To be clear, religious practice is a very personal and intimate expression of faith that each person has the right to hold but it is not in the purview of any government, federal, state, or local to tell people how they are to practice their faith.  And for the State legislator by passing laws that favor a specific religious doctrine over others is to violate the sacred trust that this country was founded on. In this country where religious freedom is highly valued, no one should have the right to impose their religious beliefs on another.  Not an individual, and especially not any governmental entity or any representative of that government.

It would be one thing if the State House were consistent in their doctrinal beliefs in all of their creation of laws but their doctrine of protecting the fetus at all costs unfortunately ends at birth. Once the child is born, the theological doctrine I have just described is no longer on the table. The actions of the State House are antithetical to the ability of a person to pursue life, liberty, and happiness once the child is born.

On April 21 of this year, the Senate passed a  resolution forbidding the expansion of Medicaid, sentencing up to 700 individuals to death this year because they along with 300K Alabamians fall into the gap between Medicaid and the provisions covered in the Federal Affordable Care Act. Refusal of expanding medicaid will result the closure of some dozen hospitals, many of them located in rural and inner city areas where the majority of Alabama’s poor live.

How our state administers Food Stamps also reflects a conflicting doctrine to their doctrine regarding the sacredness of life.  Federal guidelines include employment requirements such as being registered for work but Alabama places added twists to this requirement. Striking employees, even if the strike is justified for better wages that would lift the family out of poverty, disqualifies the household unless the strike occurs after the household applies for food assistance. Food Stamps are not eligible to undocumented citizens.  This stipulation follows the federal but there is a caveat in Alabama–the income the undocumented citizen brings into the household is counted towards eligibility. Alabama legislators have already spent millions defending its hatred of immigrants. Here is their hypocritical stance, Alabama Legislators hate foreigners unless their presence helps keep citizens off the public dole.   And here is something of a catch-22; Social Security Numbers (SSN) are requested for each member of the household in order to receive food stamps.  The provision of SSN is stated as purely voluntary but not providing them disqualifies that member of the household.  If a SSN is a requirement for qualification, then providing it is not a voluntary act; it is coerced.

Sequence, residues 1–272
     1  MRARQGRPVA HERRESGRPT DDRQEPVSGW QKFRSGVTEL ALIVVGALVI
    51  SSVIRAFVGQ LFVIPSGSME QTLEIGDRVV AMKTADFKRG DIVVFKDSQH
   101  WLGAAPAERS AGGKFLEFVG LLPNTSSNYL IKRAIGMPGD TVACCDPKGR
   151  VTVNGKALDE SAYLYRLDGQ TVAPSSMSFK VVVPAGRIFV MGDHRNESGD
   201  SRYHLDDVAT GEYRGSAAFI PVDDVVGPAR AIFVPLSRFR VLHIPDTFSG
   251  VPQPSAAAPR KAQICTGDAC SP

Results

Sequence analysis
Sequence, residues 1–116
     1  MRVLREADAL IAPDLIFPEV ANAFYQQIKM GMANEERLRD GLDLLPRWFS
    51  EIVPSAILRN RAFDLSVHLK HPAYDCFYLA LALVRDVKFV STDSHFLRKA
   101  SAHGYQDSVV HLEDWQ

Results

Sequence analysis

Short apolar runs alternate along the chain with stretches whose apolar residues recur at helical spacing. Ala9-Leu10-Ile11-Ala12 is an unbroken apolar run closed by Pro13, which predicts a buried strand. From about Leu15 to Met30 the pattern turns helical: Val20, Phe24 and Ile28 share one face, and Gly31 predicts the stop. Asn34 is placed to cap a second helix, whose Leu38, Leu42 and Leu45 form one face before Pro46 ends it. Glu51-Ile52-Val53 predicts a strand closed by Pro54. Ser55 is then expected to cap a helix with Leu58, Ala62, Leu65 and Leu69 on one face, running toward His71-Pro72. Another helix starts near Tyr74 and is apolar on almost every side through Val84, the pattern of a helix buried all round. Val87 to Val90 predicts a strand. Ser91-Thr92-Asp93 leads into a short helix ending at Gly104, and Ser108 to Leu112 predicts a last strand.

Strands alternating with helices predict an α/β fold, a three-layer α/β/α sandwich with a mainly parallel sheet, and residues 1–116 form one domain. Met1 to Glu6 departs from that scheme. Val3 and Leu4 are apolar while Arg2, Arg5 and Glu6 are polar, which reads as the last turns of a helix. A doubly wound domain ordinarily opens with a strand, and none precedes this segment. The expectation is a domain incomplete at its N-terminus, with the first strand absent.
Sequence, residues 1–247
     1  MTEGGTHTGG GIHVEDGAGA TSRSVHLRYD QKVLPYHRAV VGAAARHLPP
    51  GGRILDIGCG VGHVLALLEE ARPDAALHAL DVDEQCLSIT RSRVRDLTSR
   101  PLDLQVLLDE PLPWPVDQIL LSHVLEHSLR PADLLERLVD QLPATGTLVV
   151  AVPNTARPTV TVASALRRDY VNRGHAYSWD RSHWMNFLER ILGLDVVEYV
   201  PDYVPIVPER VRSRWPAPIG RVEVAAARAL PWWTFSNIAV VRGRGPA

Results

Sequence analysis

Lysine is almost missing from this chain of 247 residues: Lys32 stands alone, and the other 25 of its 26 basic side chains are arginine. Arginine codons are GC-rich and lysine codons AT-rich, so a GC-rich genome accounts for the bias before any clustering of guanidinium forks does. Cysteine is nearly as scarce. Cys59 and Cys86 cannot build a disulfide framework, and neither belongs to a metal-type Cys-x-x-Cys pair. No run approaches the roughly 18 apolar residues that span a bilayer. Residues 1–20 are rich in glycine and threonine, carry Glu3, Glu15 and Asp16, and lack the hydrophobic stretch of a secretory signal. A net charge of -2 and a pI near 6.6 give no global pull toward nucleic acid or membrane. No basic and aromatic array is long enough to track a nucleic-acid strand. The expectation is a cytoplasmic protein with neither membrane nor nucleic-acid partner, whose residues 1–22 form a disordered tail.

Apparently, the doctrinal belief of the State House is that each life is precious until it becomes a burden and then it can be ignored or thrown away or incarcerated for slave labor. Alabama has passed more laws restricting the freedoms of its citizens  Their approach to the welfare of the citizens of this state is one of total disregard of their inherent worth and dignity.

And then we have the infamously named HB 56--in its latest incarnation as a Religious Freedom Act.  This bill was created in response to the striking down of the same sex marriage ban by federal court and the upcoming SCOTUS ruling on same sex marriage.  The proponents state this is not in any way an anti-gay legislation because it merely states that clergy and judges (the current people authorized in the state) can refuse to marry anyone for personal religious convictions and not face litigation for doing so.  They claim this is a save people from litigation bill not a codification of religious discrimination against the LGBTQ community.  Clergy have always had the right to refuse to marry any couple for any number of reasons–domestic violence, couple not of their faith tradition, and yes, doctrinal beliefs regarding what constitutes a marriage.  This bill is really aimed at giving judges the legal right to discriminate against those who do not hold their religious convictions regarding marriage.

There is a difference here– marriages performed before a judge or justice of the peace is not a religious ceremony.  It is a civil union.  Regardless of what a judge may personally believe about religious marriage ceremonies, a wedding officiated by her is not under the auspices nor  blessing of her church. It is not a religious ceremony.  It is merely a legal recognition by the state and federal government of a contract between two people. In the eyes of the Southern Baptist and Roman Catholic god, the same sex couple married by the state is not married. In the eyes of the Presbyterian (USA), United Church of Christ, American Baptist god, the same sex couple is married.

So what is this law really about?  It is about a subset of Christianity imposing their doctrinal belief of marriage onto the citizens of the state. It is declaring their doctrinal belief as supreme trumping all others.  Judges have taken an oath to uphold the laws of the state and federal government and regardless if their personal religious convictions place them at odds with those laws be it officiating a same sex marriage or enforcing the death penalty, they are required to do so. They do not have the right to impose their religious doctrine onto the people as an act of shaming and discrimination.

But this is Alabama– where theocracy is well rooted into the archaic 1901 state constitution.